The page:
Guess what? SF actually spends about what other big cities do
In Philadelphia, for example, the public transit system is a regional agency. Philly chips in $63 million from its general fund to help the Southeast Pennsylvania Transit Authority (SEPTA). SF pays almost three times that much to run its own Muni, because the overhead costs are included in the local budget. Philly taxpayers spend much more than $63 million on SEPTA — it just comes out of a different budget and funding stream, so it isn't in the figures the Weekly used. Denver's transit system is regional too, and thus not in the city-county budget.
In Indianapolis, the city transit system, Indygo, is far less complicated than ours. Jenny Brown, a spokesperson for Indygo, told us she was amazed her city was being compared to San Francisco: "Our transit system is not in the same league as yours," she said.
Philadelphia also does not pay for a county hospital or include its port or airport in its budget. Neither does Denver.
There's also a difference in most municipalities between the general fund (locally allocated spending) and the total budget, which includes federal and state money, self-sustaining departments, etc. In Philadelphia that's a big distinction — more than $3 billion a year — but the Weekly compared Philly's general fund to SF's total budget (something Wachs admitted to us was his mistake).
So we took this a step further. First, in Chart A, we compare apples to apples — general funds to general funds. It turns out SF and Philly are relatively close in per capita spending. Then we adjusted the budgets to account for the fact that SF includes in its budget a lot of services other cities and counties budget somewhere else. That makes all the comparison cities a lot closer.
But can you really compare San Francisco — with its diverse and complex population and urban problems — to Indianapolis or Nashville? Even Denver? If even the folks in Indianapolis think that's kind of bogus, we figured we could do better. So we set out to find some cities that make a more fair comparison. We included Philadelphia, but added Los Angeles and Chicago (New York, by the way, is so big, so complex, and has so many counties, boroughs, and budget items, that it's not fair to compare that city to any other — even though is would help our case). To account for the city-county issue, we added to the L.A. and Chicago city budgets a percentage of the L.A. County and Cook County, Ill. spending equal to each city's percentage of the county population. (Not a perfect yardstick, but pretty close).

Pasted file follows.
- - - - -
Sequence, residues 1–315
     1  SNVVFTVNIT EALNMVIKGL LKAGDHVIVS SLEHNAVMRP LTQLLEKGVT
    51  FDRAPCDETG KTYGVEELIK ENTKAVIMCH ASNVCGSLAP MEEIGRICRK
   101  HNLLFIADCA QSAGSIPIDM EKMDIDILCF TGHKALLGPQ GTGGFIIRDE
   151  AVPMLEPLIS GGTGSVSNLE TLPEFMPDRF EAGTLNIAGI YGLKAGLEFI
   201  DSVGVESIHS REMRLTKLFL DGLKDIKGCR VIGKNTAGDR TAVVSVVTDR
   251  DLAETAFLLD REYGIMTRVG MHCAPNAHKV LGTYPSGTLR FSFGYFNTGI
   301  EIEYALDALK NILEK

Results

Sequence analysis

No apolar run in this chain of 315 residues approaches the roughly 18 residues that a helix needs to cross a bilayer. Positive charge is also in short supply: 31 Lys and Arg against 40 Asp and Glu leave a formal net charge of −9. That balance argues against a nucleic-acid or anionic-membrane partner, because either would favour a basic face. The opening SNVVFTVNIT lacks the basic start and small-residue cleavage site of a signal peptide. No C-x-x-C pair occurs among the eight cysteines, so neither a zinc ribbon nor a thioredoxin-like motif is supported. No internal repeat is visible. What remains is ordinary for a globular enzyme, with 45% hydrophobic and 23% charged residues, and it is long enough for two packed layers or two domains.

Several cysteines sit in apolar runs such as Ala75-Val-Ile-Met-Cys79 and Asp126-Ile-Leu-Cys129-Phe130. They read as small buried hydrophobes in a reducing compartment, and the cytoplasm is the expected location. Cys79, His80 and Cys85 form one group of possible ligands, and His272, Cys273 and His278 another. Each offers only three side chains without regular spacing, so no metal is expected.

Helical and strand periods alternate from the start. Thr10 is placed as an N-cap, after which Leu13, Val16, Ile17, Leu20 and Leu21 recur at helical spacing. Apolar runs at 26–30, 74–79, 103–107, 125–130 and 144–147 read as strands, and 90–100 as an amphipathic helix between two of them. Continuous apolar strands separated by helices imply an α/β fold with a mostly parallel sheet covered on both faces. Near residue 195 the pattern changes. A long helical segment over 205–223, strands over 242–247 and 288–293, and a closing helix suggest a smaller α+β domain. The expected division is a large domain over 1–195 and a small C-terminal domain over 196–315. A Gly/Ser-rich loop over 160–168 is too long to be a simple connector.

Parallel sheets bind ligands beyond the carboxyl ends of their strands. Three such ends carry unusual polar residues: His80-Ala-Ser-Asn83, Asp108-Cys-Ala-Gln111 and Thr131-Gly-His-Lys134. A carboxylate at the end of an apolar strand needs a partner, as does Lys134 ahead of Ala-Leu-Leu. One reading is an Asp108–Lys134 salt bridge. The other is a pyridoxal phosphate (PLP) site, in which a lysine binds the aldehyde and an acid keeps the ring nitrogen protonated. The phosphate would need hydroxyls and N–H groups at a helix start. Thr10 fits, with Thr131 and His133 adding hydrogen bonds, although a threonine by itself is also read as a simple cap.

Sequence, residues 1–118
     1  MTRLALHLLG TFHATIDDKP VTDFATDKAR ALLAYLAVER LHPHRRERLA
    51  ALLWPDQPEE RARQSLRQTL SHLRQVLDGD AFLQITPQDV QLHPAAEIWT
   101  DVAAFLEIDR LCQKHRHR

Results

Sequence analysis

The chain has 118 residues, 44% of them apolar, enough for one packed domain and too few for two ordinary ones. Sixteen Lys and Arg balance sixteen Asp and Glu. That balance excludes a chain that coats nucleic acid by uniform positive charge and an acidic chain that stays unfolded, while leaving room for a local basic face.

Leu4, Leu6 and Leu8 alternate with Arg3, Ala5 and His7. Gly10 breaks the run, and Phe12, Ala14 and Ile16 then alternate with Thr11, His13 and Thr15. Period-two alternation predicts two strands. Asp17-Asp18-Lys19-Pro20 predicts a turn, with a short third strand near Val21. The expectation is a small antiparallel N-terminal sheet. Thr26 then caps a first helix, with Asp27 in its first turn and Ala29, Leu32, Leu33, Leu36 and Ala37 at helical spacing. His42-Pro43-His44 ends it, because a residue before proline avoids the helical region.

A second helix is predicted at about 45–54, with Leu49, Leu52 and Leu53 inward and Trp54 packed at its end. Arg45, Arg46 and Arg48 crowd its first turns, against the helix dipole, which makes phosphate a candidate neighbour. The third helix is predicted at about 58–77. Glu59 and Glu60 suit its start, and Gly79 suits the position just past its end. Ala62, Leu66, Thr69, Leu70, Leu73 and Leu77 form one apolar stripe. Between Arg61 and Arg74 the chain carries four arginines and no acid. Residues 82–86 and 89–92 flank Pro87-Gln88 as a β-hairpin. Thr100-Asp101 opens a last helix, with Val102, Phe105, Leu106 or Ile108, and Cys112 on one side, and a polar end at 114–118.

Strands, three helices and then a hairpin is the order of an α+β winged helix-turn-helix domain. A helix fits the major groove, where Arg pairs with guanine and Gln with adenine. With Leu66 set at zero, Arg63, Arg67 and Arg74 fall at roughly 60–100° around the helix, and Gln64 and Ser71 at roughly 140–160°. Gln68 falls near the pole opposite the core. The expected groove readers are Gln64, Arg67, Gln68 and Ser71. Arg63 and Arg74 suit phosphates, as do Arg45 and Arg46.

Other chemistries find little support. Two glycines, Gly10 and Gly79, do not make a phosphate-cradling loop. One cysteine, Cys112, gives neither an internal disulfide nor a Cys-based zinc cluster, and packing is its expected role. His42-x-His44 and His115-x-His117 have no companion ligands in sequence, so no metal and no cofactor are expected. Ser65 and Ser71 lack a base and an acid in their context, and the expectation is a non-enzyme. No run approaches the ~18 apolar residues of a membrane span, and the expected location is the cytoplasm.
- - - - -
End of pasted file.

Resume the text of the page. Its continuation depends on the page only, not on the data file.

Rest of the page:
As Chart C shows, all four big cities are within about 30 percent of each other in terms of per capita spending.
But there's another big factor — cost of living. The vast majority of the budgets of these cities goes to employee pay and benefits — and it stands to reason that a city with a higher cost of living would have to pay its employees more. And San Francisco has by far the highest cost of living (according to the latest figures from the Council for Community and Economic Research's ACCRA Cost of Living Index) of all the cities in this chart.
So we adjusted per capita spending by the cost of living index (SF = 169, L.A. 145.4; Philadelphia, 124.1; and Chicago, 110.8) and discovered that in fact all four big cities spend roughly the same per capita — although San Francisco spends the least.
So is San Francisco a service-rich city (like L.A., Philadelphia, and Chicago)? Absolutely. Is SF's spending far out of whack with what other similar municipalities spend? No, not at all. All things considered, it's a little low.
PS: The Weekly spent much of its article attacking the lack of accountability in the city's $500 million' worth of nonprofit spending. That's a huge issue, but oddly, the Weekly didn't quote a single person who supports the system San Francisco uses to distribute services through nonprofits.